The neural mechanisms that are typically implicated with harming others become less active when the violence against a particular group is seen as justified, the study found."The findings show that when a person is responsible for what they see as justified or unjustified violence, they will have different feelings of guilt associated with that," said lead researcher Pascal Molenberghs from Monash University.

"For the first time, we can see how this guilt relates to specific brain activation," he said.Participants in the study played video games in which they imagined themselves to be shooting innocent civilians (unjustified violence) or enemy soldiers (justified violence).Their brain activity was recorded via functional magnetic resonance imaging (fMRI) while they played.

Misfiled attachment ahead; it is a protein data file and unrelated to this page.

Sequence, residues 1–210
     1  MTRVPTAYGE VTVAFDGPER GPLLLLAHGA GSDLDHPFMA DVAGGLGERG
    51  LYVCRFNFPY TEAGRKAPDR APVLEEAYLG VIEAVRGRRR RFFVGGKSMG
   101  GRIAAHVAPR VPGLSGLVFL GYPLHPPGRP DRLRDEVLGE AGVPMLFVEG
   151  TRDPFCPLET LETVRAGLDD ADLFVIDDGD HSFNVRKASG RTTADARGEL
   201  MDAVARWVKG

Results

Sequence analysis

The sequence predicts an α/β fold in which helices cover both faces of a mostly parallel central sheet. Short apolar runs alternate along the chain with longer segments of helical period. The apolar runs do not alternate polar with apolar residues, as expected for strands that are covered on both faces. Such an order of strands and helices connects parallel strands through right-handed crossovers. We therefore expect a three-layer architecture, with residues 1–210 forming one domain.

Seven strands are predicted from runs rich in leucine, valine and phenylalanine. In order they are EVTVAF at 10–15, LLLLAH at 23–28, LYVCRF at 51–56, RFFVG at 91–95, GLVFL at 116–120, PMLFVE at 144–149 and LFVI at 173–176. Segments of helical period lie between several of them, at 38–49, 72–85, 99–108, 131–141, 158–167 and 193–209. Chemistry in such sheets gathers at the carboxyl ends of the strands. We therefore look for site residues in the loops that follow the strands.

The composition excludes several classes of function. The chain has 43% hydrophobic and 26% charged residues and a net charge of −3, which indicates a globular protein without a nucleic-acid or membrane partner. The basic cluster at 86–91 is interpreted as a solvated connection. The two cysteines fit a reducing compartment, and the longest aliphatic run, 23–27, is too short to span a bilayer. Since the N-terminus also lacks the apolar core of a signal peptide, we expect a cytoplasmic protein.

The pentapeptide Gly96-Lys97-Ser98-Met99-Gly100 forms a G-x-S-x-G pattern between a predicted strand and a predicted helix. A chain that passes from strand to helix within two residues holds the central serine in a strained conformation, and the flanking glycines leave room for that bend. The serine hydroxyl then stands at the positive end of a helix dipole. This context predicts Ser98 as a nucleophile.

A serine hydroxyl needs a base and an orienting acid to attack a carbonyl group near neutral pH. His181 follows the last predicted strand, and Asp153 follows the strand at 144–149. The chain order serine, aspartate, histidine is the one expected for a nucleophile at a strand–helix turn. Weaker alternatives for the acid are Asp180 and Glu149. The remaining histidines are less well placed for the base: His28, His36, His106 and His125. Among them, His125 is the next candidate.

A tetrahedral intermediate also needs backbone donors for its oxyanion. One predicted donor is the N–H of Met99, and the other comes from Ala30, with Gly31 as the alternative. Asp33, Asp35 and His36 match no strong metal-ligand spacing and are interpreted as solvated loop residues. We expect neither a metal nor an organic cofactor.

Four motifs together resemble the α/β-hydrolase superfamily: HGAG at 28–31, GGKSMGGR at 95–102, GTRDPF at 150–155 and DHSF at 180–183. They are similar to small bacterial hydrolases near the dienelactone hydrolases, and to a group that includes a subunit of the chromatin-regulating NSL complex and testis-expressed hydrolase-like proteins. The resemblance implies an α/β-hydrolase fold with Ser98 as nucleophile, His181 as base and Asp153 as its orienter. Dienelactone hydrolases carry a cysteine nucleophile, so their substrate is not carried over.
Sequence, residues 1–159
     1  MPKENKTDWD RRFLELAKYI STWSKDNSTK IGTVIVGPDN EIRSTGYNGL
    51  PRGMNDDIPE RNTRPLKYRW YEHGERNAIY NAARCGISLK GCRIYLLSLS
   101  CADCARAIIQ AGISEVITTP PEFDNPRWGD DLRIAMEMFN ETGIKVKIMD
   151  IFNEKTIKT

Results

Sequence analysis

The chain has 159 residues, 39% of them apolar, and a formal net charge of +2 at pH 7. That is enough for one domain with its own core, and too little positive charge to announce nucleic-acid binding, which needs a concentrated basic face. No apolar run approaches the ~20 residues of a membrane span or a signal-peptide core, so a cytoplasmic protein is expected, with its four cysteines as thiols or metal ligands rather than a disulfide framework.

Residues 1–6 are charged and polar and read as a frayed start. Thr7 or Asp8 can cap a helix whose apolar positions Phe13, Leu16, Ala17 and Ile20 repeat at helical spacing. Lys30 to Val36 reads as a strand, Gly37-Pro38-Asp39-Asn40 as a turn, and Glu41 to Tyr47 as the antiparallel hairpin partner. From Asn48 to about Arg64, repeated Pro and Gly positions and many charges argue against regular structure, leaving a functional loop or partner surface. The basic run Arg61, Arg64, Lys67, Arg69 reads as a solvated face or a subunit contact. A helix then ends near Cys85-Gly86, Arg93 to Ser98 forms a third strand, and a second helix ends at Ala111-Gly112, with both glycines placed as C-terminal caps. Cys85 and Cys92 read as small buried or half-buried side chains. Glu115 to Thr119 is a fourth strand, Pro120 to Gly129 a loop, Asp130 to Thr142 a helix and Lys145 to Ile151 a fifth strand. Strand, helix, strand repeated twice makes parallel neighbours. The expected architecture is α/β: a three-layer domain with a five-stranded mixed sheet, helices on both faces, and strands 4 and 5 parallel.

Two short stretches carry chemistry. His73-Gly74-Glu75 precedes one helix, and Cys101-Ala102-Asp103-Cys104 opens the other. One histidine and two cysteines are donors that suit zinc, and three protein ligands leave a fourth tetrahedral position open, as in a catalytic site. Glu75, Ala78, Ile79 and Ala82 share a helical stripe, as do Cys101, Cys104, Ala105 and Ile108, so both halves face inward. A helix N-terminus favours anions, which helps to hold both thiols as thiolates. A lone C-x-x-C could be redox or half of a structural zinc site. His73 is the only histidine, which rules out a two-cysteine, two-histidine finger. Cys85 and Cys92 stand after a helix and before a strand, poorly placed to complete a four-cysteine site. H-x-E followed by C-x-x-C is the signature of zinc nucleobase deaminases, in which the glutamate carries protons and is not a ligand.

"When participants imagined themselves shooting civilians compared to soldiers, greater activation was found in the lateral orbitofrontal cortex (OFC), an important brain area involved in making moral decisions," Molenberghs said.

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